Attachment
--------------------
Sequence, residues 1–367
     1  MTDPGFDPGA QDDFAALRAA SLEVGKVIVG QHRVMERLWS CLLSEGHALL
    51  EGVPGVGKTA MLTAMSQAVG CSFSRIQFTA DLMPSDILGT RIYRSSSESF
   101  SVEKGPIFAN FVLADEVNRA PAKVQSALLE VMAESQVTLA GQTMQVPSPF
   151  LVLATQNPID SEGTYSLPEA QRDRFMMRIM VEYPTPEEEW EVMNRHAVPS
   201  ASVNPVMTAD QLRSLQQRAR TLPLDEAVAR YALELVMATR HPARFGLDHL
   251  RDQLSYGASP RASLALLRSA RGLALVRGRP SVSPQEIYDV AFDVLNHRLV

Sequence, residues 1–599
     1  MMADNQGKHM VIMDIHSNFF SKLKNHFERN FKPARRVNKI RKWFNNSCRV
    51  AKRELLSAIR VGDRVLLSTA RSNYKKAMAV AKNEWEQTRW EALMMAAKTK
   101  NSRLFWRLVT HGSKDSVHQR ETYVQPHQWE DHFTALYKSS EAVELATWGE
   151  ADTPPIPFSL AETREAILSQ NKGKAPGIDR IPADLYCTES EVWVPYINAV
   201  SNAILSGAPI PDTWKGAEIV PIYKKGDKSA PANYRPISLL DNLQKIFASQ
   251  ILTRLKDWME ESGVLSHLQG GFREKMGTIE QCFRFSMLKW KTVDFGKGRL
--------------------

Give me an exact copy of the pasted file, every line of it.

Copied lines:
Sequence, residues 1–367
     1  MTDPGFDPGA QDDFAALRAA SLEVGKVIVG QHRVMERLWS CLLSEGHALL
    51  EGVPGVGKTA MLTAMSQAVG CSFSRIQFTA DLMPSDILGT RIYRSSSESF
   101  SVEKGPIFAN FVLADEVNRA PAKVQSALLE VMAESQVTLA GQTMQVPSPF
   151  LVLATQNPID SEGTYSLPEA QRDRFMMRIM VEYPTPEEEW EVMNRHAVPS
   201  ASVNPVMTAD QLRSLQQRAR TLPLDEAVAR YALELVMATR HPARFGLDHL
   251  RDQLSYGASP RASLALLRSA RGLALVRGRP SVSPQEIYDV AFDVLNHRLV

Sequence, residues 1–599
     1  MMADNQGKHM VIMDIHSNFF SKLKNHFERN FKPARRVNKI RKWFNNSCRV
    51  AKRELLSAIR VGDRVLLSTA RSNYKKAMAV AKNEWEQTRW EALMMAAKTK
   101  NSRLFWRLVT HGSKDSVHQR ETYVQPHQWE DHFTALYKSS EAVELATWGE
   151  ADTPPIPFSL AETREAILSQ NKGKAPGIDR IPADLYCTES EVWVPYINAV
   201  SNAILSGAPI PDTWKGAEIV PIYKKGDKSA PANYRPISLL DNLQKIFASQ
   251  ILTRLKDWME ESGVLSHLQG GFREKMGTIE QCFRFSMLKW KTVDFGKGRL